In Reply to: Clutch Construction 101 posted by David on April 24, 2000 at 07:20:06:
Second, the point I was making is, that in street cars, to make the clutch act in such a way as to be comfortable, their is a progression in the mechanism that is not linear. The point was, that the further you push down the peddle, the less it moves the clutch, so, what feels like extra space, is actually the progressive action of the mechanism. From the point it "feels" like it has released (slipping), to fully released (maximum air space from clutch face to pressureplate and flywheel), is further than you might think, or are able to feel through the mechanism.
Regardless of Clutch Construction 101, the clutch can be partially engaged. At the point it slips, it is partly disengaged, and is caused simply be engiune power overcomming the tractive force of the clutch materials and flywheel/pressure plate surfaces). At this point friction of the clutch is not enough to feel like it is acting on the car, but it is enough to create heat and wear (I thought that was your point in the first place)..
The reason the clutch on a street car has this progressive mechanism or feel to it, is to make engagements, shifting, getting under way from an uphill start, etc... smoother. This is dopne by making the mechanism move the clutch more slowly at the designed engagement point, and faster leading in and out of it. This can be done in the lever arm design, the position of the various pivot points, the design of the hydralic mechanisms involved, and the design of the pressure plate, to name just a few. I am assuming, because the BMW clutch feels very good and is very smooth, something on this level must be part of the design. Because BMW clutches have almost always been this way, I also assume it is for a reason, that a design flaw that is carried on through many generations of car from the 2000 up.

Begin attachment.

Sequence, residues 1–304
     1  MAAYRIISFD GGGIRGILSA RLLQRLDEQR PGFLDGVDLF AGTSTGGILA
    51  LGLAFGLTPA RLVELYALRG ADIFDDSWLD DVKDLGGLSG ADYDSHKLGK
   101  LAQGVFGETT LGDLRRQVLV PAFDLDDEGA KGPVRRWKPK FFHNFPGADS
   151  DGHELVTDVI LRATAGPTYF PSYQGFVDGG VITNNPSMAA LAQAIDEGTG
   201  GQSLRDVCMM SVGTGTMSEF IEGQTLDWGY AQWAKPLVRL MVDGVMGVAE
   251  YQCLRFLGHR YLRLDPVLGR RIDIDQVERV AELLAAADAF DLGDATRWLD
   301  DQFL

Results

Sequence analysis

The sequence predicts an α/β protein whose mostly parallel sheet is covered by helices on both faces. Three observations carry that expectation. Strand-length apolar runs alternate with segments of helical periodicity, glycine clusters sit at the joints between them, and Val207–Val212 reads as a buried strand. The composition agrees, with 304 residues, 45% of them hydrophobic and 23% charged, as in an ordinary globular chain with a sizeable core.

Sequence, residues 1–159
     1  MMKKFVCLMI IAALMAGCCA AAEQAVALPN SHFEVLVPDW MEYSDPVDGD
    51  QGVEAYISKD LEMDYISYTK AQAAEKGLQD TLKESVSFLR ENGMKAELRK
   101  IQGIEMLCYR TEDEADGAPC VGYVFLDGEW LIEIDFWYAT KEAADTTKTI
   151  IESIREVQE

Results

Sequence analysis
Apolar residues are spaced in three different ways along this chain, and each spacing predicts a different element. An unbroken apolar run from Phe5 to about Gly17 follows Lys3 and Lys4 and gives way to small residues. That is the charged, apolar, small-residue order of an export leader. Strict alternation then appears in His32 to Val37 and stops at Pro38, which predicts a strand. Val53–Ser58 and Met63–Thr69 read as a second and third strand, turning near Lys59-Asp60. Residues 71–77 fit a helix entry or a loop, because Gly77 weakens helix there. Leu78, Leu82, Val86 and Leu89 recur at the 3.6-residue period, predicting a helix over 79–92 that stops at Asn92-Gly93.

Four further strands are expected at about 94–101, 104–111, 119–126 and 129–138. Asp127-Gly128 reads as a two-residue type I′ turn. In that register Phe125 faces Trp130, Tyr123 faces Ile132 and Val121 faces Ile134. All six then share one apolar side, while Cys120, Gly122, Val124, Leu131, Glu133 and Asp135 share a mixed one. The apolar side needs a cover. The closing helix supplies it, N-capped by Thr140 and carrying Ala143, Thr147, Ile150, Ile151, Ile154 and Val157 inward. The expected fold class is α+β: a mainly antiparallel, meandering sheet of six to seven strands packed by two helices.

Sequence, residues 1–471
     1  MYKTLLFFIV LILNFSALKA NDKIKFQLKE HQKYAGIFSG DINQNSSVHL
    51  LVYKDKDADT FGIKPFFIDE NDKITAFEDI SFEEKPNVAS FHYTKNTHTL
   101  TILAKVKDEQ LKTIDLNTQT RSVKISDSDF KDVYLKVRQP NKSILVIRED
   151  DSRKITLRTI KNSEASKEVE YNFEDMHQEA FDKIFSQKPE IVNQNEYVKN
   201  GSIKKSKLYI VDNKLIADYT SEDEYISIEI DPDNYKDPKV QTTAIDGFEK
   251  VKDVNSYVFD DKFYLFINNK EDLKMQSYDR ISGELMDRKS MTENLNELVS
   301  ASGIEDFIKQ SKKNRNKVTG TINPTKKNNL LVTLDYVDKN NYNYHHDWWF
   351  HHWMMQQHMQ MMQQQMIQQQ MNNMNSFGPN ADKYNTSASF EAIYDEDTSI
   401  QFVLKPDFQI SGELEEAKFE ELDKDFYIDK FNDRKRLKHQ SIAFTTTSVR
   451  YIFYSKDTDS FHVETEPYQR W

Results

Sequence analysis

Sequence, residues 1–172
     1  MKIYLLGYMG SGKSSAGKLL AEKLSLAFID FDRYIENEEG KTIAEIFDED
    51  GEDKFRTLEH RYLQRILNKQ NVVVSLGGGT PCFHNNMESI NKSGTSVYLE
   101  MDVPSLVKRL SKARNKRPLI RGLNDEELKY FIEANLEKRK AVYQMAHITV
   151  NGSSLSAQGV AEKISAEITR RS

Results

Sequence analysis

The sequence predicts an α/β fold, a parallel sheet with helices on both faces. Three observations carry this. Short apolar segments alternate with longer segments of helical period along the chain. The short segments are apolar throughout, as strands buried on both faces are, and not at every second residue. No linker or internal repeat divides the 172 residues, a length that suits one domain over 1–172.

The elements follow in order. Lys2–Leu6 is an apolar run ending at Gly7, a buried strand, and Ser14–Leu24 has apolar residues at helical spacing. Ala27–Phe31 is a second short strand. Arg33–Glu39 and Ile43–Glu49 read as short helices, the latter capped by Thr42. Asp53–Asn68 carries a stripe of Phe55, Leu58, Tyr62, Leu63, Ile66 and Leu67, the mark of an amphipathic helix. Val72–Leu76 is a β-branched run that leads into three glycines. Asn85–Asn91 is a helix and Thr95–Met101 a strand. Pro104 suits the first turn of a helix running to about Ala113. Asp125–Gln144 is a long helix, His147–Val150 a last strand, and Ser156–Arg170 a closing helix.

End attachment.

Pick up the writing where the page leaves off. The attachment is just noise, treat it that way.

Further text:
The point I made about racing clutches is, they tend to be IN or OUT, with short stiff actions. This is great on the track, creates as little wear as possible, is able to handle large amounts of power (I know this comes from heavier forces applied at the pressure plate, etc....), repetitive actions when very hot and on and on.... but does not make for a very nice street setup.
I was attempting to support your original point that limiting clutch throw may not be a good idea, unless you are certain that the clutch is fully disengaged, and not just slipping. Friction surfaces take very little interferance to create a lot of heat. They are not simple on and off devices, they can be partly engaged (if not, then leaving at a light would be a more violent experience). Heat is the killer of brakes and clutches, more actually than wear from friction (slipping is minimal actually). If you limit travel and are creating heat that was not part of the design of the device, you will limit life... but won't know it for some time.
Which is what I assumed you were saying originally... Sorry for attempting to support your comments, I will show greater restraint in the future.
: It seems that not everybody understands how a clutch works. The friction disc is the meat in a sandwich, being between the flywheel in front and the pressure plate behind. The disc (with lining on both sides) is free to slide fore and aft along the splines of the transmission input shaft. The pressure plate is a metal ring with a flat face that's pressed against the back face of the disc by a powerful spring. The release (or throwout) bearing sits around the center of the shaft and is on the end of the clutch fork. When you step on the clutch pedal, you press the bearing forward against the center of the pressure plate, where a radial lever system of some kind causes the pressure plate's bearing surface to move away from the rear of the disc (there are several different kinds of pressure plates, the commonest one today being a circle of radial spring "fingers" - old English cars have three discrete levers with riveted pivots and coil springs).
: The entire clutch assembly is bolted to the back surface of the flywheel and spins with it. Power is transferred to the transmission through the splines on the input shaft. Depressing the pedal does not move the disc directly. It releases the pressure hlding the disc against the flywheel, decoupling the two. Although the disc does move away from the flywheel some thousandths of an inch, the gap itself is not important as long as there's no pressure between disc and flywheel. The last inch of pedal travel may be releasing the last bit of pressure.
: Over-travel of the throwout bearing against the pressure plate can actually cause pressure against the hub of the friction disc. In some cars, the back of the rotating friction disc will rub the release mechanism (throwout bearing etc) and cause damage and an AMAZING noise.
: I hope this helps you understand my point of view.